Sunday, February 28, 2016

Musical Explanation 2/27/16: The Name of the Rose - Movie Version

For reasons I by definition cannot grasp, I have always had an irrational fear of the Middle Ages. What could possibly be scary about a whole millennium when ignorance was enforced draconianly, a new omen of the apocalypse seemed to present itself every week, instruments of torture were a fetish, violence was an ecstatic public spectacle while a single lapse into sexual intercourse could earn you an eternity of hellfire?

I mean, Jesus Christ (pun 75% not intended...), how is everybody not terrified when thinking about the Dark Ages? I doubt there are many eras in human history when life was much worth living, but there is something about the Middle Ages which seems particularly grisly, as though it strove to make virtues out of the human monster's worst excesses.  

Even as a Jewish kid, the Christian idea of Hell seemed horrible and real to me, far more vivid than anything in the comparatively hyper-rational faith of my forefathers. When you combine that with the grisly stories we young Jews were inevitably told about the tortures and burnings of Jews, and you begin to wonder if you're the only Jewish kid who had this thought. What if the Christians were right? If Jews are right, the punishment for not heeding Judaism would be a lot more tolerable than the punishment for not heeding Christianity. 

I suppose it then stands to reason that any movie that depicted the acute horrors of the Middle Ages would earn a special place in my nightmares. When I was fourteen, the movie adaptation of Umberto Eco's famous novel, The Name of the Rose, was one of the most disturbing things I had ever seen in my life - a collection of Medieval gargoyles come to life and an illustration of the world as it once seemed to be; a vast shitheap of death whose bodies we had to climb in the ascent to civilization. I've always been too squeamish for horror movies, but there was something about this movie, the violence, the perversion, the sense of an apocalyptic world where everything was fear and cruelty, that was far more horrible than anything in Hellraiser III. It was a dystopian vision far more powerful to me than anything in The Terminator because it was real. It was the ultimate totalitarian dystopia - a nasty, brutish, and short sojourn in this hideous temporal waiting room which only exists to remind you that you are under the control of this dystopia for all eternity. 

And this movie set its scene in the most learned place - a monastery of learned monks who came to study at one of the largest libraries in Christendom. A place where knowledge was only given to the select few who had to pass through terrible ideological rigors merely in order to be permitted access to a few of its books. The library itself is a labyrinth designed to make its knowledge as difficult as possible to obtain. And if that wasn't enough to dissuade the accumulation of knowledge, it was only permitted to be passed through by its two librarians. Of these two, the assistant librarian was a pedophile, while the chief librarian was a fanatic so intense that he wishes to banish laughter from the world, and would sooner burn the entire library to cinder rather than to disclose that it houses the only remaining copy of the missing volume of Aristotle's Poetics about Comedy.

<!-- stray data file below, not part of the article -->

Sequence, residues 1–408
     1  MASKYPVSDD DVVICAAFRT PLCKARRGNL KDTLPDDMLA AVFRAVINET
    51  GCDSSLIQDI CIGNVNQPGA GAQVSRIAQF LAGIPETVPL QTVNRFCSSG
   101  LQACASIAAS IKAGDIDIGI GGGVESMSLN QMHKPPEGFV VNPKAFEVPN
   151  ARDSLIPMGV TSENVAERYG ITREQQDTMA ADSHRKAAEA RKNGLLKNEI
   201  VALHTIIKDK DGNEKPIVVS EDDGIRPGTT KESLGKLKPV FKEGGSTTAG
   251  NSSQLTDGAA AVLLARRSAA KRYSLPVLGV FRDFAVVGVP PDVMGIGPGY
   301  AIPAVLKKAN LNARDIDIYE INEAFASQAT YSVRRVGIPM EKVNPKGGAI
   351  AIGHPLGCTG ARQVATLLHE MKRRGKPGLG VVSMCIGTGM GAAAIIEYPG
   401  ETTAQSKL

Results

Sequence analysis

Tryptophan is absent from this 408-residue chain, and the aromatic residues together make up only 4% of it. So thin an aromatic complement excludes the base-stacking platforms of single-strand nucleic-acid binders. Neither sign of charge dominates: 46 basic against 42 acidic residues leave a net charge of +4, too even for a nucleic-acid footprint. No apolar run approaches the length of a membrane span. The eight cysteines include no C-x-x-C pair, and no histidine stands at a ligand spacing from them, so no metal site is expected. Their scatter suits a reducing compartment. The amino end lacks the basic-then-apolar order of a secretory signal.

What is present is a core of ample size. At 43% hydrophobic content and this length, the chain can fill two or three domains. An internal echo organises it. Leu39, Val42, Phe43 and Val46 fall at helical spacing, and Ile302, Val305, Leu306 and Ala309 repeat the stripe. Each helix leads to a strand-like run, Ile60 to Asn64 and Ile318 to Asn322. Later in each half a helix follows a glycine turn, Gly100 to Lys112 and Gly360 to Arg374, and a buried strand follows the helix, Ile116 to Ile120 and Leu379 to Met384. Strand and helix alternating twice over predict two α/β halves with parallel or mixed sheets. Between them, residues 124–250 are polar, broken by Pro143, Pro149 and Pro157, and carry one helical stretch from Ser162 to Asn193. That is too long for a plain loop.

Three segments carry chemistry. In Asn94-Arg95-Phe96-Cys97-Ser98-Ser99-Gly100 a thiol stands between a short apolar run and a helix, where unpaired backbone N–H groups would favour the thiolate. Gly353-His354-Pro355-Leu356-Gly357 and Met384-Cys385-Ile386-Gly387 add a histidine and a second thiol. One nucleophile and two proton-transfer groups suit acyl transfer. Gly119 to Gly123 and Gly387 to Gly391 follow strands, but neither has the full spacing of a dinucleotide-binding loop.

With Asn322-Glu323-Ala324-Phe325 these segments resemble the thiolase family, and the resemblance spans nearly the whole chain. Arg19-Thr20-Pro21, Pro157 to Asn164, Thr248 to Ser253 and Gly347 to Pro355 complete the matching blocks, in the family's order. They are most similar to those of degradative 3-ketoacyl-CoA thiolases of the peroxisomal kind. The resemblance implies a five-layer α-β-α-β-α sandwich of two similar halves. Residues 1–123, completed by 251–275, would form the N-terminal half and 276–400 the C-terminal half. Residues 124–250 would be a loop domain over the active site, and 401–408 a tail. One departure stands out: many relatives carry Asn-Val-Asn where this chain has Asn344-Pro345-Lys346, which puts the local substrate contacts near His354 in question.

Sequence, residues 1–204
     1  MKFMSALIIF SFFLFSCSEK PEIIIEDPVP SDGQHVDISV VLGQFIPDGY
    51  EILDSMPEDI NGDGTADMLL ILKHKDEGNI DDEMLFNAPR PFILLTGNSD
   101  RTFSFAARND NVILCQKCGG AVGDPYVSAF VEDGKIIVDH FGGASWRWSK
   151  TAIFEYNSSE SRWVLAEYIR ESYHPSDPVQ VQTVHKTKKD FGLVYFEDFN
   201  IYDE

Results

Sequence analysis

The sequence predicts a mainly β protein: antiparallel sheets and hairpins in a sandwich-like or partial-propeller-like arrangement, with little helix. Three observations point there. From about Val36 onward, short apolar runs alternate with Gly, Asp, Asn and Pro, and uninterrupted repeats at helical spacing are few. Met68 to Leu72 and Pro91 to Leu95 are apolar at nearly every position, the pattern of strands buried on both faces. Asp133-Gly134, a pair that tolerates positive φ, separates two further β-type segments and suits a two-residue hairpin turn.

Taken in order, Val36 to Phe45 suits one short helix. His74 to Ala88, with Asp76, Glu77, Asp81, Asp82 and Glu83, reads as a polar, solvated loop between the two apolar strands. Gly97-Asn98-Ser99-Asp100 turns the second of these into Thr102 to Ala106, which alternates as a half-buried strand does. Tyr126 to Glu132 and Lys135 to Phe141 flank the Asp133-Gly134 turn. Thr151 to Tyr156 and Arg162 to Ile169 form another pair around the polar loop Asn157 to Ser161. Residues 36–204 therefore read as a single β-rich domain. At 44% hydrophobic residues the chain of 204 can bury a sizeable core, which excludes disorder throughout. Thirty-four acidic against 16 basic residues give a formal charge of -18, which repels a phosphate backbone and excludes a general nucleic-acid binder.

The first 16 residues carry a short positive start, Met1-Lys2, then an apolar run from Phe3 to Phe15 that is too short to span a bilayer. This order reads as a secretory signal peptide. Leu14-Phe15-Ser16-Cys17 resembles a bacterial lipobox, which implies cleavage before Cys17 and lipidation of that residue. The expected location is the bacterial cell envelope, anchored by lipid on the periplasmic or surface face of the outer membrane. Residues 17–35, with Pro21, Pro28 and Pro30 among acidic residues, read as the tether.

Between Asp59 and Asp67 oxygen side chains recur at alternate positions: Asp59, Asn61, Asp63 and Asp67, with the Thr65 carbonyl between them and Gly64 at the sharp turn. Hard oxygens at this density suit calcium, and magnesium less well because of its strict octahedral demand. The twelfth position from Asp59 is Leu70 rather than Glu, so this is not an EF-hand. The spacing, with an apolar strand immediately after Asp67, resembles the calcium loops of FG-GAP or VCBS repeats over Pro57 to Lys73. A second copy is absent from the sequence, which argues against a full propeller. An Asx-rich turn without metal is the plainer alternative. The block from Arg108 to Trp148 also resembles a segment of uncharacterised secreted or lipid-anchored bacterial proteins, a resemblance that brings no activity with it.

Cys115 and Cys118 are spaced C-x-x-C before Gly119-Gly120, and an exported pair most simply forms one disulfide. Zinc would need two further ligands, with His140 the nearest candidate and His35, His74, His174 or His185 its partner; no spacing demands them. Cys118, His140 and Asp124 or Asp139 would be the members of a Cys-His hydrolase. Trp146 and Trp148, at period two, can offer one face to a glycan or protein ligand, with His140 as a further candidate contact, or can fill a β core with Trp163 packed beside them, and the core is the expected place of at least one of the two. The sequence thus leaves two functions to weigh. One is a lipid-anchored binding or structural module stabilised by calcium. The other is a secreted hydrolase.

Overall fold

Twenty years later, in the wake of Umberto Eco's death, I'm finally reading the book. The book is something entirely different from the movie. This is the kind of book that makes Americans want to scream because it shouts its erudition from every page. Every page seems to have at least half a dozen references to various medieval and classical scholars whom only a dozen people have read in the last twenty-five years. Nevertheless, it paints a lighter portrait of the Middle Ages. If you were a monastic scholar, it almost seems like a pleasant place to live where you can while away your days with esoteric texts and erudite conversation. It doesn't seem like a bad way to live your life, but unless you could live in a civilization other than a European one, it would be much better to be a cloistered monk than just about any other profession in those years. 

Reading the book made me want to go back the movie again. Even at thirty-three, there's something about it that's chills my bones. In addition to the clear influence of so much Bosch and Bruegel, it's principal influence is clearly Carl Theodor Dreyer's silent movie, The Passion of Joan of Arc. Joan herself, in a (literally) iconic performance by Maria Falconetti, is a beautiful woman perpetually posing with a creepily ecstatic visage. But the tribunal of judges who condemn her seems to be made of a group of priests who are half demons, so grotesque are the faces of the actors Dreyer found. If the actors in Dreyer's movie are grotesque to illustrate the grotesquerie of their deed, then The Name of the Rose takes medieval grotesquerie to an entirely new level. The grotesquerie of their faces and bodies seems to coalesce with the grotesquerie residing within their souls. The Name of the Rose is not a masterpiece of a movie - it needs at least another hour to cover the material it presents. But it is a magnificently disturbing one that's all too forgotten. Hopefully Eco's death will prompt people to revisit it. 

1 comment:

  1. I do have fondly creepy memories of the movie. The book, though -- for me, even though it wasn't as bluntly disturbing, the book was a lot more... chthonian, maybe? Eventually unearthing that secret -- that the last copy of the Comedia is here, being kept guarded by jealous poison-fingered hermits -- that was a rare payoff, and made the story's gradual rise and gothic trappings feel really well-earned.

    I didn't get a chance to write, or even think much, about old Eco's death. I regret that, because I loved Name of the Rose, and I always felt a kinship with the guy.